BART commuter rail service helps alleviate car traffic in San Francisco, which ranks as the third most congested metropolitan area in the nation after Los Angeles and Honolulu, according to roadway traffic software company INRIX Inc.
Authorities have promised free charter buses and expanded ferry services, but said those services were capable of transporting a limited number of people.
At one BART station in Walnut Creek, about 20 miles east of San Francisco, the 12 charter buses on hand were full before dawn, and not everyone got tickets, said BART spokeswoman Luna Salaver.
"The folks that got here very early - prior to 5 a.m. - were more successful in getting these tickets," she said.
Outside another station often used by poor commuters in El Cerrito, across the bay from San Francisco, about a dozen picketing BART workers heard honks of support from passing motorists and shouts of abuse from others.
"You're just being greedy. You're lucky to have a job. Get back to work," yelled Dennis Lindsey, a personal trainer, as he waited for a ride from a friend.
Joe Wilson, a former union organizer waiting for a bus nearby, countered: "A strike is the only power the workers have."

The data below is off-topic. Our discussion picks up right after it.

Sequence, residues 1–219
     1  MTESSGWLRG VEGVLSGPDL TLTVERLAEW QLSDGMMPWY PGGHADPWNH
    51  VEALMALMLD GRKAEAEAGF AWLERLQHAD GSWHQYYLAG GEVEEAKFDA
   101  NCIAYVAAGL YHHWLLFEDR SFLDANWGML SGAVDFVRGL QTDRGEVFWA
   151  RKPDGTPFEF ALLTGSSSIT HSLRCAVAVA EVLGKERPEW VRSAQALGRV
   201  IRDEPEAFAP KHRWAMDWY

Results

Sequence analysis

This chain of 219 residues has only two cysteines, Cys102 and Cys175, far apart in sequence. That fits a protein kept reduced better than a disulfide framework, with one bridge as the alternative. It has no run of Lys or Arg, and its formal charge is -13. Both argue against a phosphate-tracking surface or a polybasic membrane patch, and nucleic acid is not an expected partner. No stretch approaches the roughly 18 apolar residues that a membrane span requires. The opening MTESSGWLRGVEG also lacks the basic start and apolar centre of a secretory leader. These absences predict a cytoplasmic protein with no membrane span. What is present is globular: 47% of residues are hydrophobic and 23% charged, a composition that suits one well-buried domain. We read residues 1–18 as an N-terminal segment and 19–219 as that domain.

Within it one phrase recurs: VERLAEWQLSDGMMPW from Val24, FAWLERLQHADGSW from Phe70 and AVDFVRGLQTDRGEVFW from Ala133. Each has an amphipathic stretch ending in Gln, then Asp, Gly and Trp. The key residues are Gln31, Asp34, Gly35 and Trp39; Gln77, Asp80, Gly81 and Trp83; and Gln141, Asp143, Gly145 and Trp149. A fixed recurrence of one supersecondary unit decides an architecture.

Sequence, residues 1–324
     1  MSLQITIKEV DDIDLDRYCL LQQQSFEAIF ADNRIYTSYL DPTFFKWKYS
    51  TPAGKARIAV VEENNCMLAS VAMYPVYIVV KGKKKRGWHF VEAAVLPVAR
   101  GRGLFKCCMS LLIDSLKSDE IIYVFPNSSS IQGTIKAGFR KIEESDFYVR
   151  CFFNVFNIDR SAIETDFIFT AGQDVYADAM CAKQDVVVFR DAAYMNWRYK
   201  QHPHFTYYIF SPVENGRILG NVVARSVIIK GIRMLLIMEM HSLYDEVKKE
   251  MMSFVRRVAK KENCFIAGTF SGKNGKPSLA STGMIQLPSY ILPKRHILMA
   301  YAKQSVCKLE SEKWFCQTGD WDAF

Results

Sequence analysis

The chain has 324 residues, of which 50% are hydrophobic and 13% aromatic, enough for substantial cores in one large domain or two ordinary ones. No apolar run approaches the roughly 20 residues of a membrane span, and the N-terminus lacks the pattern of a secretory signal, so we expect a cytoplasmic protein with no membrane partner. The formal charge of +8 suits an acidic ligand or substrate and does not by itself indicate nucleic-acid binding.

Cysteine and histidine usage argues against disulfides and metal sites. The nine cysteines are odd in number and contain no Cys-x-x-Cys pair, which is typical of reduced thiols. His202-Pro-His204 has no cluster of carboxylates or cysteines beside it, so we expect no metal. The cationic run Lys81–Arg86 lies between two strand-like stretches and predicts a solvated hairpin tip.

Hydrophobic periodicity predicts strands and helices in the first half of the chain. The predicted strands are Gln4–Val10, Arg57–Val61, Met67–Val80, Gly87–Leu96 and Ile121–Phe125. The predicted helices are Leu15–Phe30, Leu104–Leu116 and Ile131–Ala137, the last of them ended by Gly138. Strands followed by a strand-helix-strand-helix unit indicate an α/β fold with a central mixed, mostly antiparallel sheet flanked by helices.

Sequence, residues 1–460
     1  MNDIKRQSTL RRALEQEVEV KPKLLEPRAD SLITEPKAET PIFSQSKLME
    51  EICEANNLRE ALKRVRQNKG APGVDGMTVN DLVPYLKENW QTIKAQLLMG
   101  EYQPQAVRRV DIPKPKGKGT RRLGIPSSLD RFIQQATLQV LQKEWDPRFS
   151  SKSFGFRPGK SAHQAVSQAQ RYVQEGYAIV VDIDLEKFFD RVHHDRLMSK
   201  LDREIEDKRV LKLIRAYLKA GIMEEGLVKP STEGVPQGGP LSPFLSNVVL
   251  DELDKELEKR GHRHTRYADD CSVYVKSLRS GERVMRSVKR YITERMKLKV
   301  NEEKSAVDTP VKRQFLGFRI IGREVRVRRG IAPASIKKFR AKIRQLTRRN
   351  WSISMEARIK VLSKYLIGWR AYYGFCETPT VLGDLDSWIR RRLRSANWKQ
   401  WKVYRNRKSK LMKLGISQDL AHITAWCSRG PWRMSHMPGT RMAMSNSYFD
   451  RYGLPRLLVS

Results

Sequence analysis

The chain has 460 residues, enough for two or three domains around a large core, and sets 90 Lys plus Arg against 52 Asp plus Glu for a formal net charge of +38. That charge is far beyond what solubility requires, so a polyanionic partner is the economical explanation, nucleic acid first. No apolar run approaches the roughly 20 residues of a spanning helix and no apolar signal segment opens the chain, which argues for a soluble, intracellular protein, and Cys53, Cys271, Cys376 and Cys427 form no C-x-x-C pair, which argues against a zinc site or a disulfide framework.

Meanwhile, there were no immediate signs that the sides might soon be back at the negotiating table. BART officials urged the union to put management's proposals to a vote or continue negotiating.
Peter Castelli, executive director of SEIU Local 1021, said the strike would end if BART management agrees to arbitration on the work rules still in dispute. He said talks had not resumed but that there was "a lot of interest on all sides to meet."
California Governor Jerry Brown, a Democrat, after the July walkout obtained a court order preventing another strike for 60 days, but that expired last week and Brown would have to call the legislature back for a special session to end the work stoppage.
Brown spokesman Evan Westrup in an email said the two sides should rely on arbitration. "An extraordinary special session (of the legislature), at this point, would not lead to the quick solution the people of the Bay Area want and deserve," he said.
The strike, in addition to the inconvenience, was also a drag on the local economy. The July work stoppage caused from $73 million to $100 million a day in lost productivity for riders, said Rufus Jeffris, spokesman for the Bay Area Council which studies the region's economy.
BART train mechanic David Kwan, 59, marched alongside other workers outside of the Lake Merritt station in downtown Oakland, carrying a sign that read, "Unfair labor practice, on strike."
Kwan said he was prepared to picket every day for the duration of the strike, but many of his coworkers have families to support. "They have young children, so it will affect them more than me," he said.
( This story is corrected with name of city to El Cerrito instead of El Norte in paragraph 18)
(Additional reporting by Noel Randewich, Braden Reddall, Poornima Gupta and Ronnie Cohen.; Writing by Alex Dobuzinskis; Editing by Cynthia Johnston, Christopher Wilson, Gunna Dickson and Eric Walsh)